WITH A LAME-DUCK president in office, the modus operandi for U.S. diplomacy toward Asia this year may be simply to avoid any negative outcomes and expend minimum effort. Since the crisis in Ukraine flared up, the Obama administration has been pressuring Japan not to pursue a rapprochement with Russia. Yet Prime Minister Shinzo Abe had a summit meeting with President Putin in Sochi, a resort town in southwestern Russia, in early May. Abe has been encouraging Putin to visit Japan before the end of this year in order for the two leaders to resolve long-pending territorial disputes between their countries once and for all. Doing so, Abe hopes, should improve security environments in the northern area of Japan and allow Tokyo to concentrate its military resources on patrolling the East and South China Seas. As Figure 1 shows, Russian forces have accounted for more than half of foreign aircraft against which Japanese Air Self-Defense Force scrambled because they were threatening or violating Japanese airspace. More importantly, Russian military aircraft have recently become increasingly active, as China grows more assertive in areas surrounding Japan. And as is clear in Figure 2, Russian military aircraft appear to be threatening Japanese airspace from all directions.
Under such circumstances, it is understandable that Japan wants to do something to improve its security environments. In the meantime, Russia is growing increasingly close to and dependent on China. Indeed, the familiar Sino-Russian relationship of decades ago has been turned on its head. The single state most affected by this change is perhaps Japan. At least for the time being, Russia's weakness vis-à-vis China actually renders a comprehensive territorial agreement between Tokyo and Moscow extremely unlikely for reasons I will discuss below. Japan therefore should shelve its territorial disputes and instead strike a more limited bargain with Russia, so that it can focus on the main threat of China.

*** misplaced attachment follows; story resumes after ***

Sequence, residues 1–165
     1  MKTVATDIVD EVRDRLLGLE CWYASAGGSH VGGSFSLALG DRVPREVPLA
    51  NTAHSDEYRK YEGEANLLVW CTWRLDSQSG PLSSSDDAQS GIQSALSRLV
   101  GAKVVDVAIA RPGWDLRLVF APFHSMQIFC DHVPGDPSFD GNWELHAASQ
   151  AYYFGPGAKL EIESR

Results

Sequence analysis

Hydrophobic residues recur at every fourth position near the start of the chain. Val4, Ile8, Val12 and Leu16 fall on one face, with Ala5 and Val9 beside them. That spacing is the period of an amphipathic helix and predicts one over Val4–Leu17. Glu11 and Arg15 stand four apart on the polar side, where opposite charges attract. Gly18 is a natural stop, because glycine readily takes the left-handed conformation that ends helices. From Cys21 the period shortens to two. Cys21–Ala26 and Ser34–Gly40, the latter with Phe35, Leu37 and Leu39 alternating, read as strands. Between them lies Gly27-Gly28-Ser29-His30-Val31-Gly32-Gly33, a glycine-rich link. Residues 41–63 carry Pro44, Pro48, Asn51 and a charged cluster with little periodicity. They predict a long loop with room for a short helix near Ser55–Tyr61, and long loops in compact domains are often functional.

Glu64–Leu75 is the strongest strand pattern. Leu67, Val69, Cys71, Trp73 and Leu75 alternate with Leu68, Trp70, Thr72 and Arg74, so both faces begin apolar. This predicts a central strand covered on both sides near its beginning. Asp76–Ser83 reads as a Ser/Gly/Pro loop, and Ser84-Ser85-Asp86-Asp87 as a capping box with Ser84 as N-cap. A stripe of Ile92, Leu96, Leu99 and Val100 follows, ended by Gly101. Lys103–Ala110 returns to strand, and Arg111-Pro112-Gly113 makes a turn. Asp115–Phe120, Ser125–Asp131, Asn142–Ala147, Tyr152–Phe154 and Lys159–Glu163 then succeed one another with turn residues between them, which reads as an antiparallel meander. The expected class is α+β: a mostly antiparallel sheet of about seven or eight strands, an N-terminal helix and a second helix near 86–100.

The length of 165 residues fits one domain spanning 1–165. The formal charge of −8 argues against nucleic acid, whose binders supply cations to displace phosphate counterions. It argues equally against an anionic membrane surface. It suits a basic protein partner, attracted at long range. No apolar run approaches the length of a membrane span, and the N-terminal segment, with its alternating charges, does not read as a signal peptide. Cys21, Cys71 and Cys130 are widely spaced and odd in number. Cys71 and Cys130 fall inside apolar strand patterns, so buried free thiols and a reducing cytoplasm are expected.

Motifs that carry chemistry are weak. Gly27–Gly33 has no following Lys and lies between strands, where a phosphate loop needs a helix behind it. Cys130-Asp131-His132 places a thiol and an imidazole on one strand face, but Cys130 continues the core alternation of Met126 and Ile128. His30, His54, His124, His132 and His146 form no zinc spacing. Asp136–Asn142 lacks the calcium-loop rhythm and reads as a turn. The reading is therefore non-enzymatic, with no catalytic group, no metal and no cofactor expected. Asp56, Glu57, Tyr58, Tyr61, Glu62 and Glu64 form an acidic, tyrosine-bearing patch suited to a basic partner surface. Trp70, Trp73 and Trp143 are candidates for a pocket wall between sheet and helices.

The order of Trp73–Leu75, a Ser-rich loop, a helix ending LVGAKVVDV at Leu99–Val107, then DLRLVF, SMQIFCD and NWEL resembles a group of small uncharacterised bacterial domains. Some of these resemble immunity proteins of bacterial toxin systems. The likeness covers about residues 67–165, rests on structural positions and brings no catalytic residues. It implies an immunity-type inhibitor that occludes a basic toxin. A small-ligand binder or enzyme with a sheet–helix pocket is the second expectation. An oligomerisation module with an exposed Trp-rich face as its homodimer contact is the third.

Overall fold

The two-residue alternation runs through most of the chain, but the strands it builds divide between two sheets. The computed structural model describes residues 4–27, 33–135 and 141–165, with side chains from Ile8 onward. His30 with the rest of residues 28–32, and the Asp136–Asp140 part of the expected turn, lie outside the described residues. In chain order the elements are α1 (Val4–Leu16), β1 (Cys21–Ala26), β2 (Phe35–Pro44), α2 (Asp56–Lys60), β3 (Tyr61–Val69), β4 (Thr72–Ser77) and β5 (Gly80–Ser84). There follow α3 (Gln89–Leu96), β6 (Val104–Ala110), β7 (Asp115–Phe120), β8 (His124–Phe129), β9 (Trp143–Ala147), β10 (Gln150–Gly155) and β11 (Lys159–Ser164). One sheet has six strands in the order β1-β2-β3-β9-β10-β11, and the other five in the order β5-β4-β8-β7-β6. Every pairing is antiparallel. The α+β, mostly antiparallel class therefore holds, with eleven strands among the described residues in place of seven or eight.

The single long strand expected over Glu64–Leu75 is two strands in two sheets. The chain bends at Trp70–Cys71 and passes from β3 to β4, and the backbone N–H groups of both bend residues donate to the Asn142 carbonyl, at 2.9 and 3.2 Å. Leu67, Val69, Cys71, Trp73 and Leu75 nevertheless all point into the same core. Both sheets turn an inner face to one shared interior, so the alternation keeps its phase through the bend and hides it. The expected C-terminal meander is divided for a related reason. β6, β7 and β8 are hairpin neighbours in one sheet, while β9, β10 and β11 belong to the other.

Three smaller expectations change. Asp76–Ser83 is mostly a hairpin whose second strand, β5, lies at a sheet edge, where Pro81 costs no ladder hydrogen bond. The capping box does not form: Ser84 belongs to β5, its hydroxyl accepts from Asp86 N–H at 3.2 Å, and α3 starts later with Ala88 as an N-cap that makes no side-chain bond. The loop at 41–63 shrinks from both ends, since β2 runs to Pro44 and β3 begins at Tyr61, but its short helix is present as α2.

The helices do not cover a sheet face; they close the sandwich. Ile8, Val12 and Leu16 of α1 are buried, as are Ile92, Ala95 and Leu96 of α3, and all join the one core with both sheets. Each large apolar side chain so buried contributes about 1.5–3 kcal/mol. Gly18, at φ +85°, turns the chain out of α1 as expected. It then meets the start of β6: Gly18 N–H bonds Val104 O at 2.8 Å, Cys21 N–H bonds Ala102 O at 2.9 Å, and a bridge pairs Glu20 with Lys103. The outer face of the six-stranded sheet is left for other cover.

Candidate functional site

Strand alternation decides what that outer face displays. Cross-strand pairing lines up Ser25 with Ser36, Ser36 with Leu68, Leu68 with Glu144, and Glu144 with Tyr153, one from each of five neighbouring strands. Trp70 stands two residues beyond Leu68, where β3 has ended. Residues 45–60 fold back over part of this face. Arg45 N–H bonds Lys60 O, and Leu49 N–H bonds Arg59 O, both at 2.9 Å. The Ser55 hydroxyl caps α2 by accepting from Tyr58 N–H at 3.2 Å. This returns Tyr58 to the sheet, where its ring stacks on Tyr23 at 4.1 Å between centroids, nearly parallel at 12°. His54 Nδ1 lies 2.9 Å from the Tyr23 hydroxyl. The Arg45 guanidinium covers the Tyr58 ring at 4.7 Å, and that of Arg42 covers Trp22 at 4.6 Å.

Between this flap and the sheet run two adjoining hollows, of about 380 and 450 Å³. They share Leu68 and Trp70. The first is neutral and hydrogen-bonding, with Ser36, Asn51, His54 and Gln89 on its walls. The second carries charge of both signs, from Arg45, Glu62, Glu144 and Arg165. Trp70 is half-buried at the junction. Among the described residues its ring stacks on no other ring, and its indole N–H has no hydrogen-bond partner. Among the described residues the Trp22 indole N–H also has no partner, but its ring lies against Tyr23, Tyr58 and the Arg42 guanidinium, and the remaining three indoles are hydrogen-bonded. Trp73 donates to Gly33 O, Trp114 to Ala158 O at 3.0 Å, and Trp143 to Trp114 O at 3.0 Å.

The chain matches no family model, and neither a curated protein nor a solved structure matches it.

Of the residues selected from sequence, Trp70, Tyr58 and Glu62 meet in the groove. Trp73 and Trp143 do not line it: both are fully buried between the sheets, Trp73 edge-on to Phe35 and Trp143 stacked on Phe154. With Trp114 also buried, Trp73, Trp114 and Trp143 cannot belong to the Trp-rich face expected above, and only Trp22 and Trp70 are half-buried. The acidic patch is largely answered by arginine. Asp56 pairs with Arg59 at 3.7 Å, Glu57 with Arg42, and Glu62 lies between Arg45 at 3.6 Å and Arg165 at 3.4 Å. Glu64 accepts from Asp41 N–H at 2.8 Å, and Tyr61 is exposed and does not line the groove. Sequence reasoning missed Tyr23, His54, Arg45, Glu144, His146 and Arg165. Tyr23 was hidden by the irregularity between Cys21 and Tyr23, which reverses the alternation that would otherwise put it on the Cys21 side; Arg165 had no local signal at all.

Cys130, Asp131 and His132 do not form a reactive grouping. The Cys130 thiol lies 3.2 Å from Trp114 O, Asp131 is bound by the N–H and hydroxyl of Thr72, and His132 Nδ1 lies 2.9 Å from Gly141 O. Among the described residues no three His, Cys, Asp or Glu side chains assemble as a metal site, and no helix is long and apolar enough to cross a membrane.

Sino-Russian Political and Military Relations
Journalists often call Russia and China "frenemies." On the one hand, their political and military relationships have appeared to grow closer than ever. Chinese President Xi Jinping chose Russia as the first country to visit on becoming president in 2013. All of their territorial disputes had been resolved by 2015. The two countries conducted large-scale joint naval exercises dubbed "Joint Sea 2015" in the Mediterranean Sea and off Vladivostok. Moscow and Beijing seem to have shared interests in undermining the U.S. military presence in Asia: just recently the two countries simultaneously opposed a planned deployment of the anti-ballistic missile system called Terminal High Altitude Area Defense (THAAD) in South Korea.
On the other hand, their vast common land border is a constant source of mistrust, as the Russian side is sparsely populated and rich with raw materials, the Chinese side full of people. Many of Russia's tactical nuclear weapons are pointed at China. It is true that China and Russia are still tussling for influence, especially in Central Asia and the Arctic Ocean. Russia warily watches China's "One Belt, One Road" policy, which seeks to consolidate Beijing's influence over Central Asia. China's maritime expansion into the Arctic Ocean seems to be another source of concern for Russia, as China develops a new route for seaborne transportation going through Russian territorial or contiguous waters in the Arctic Ocean.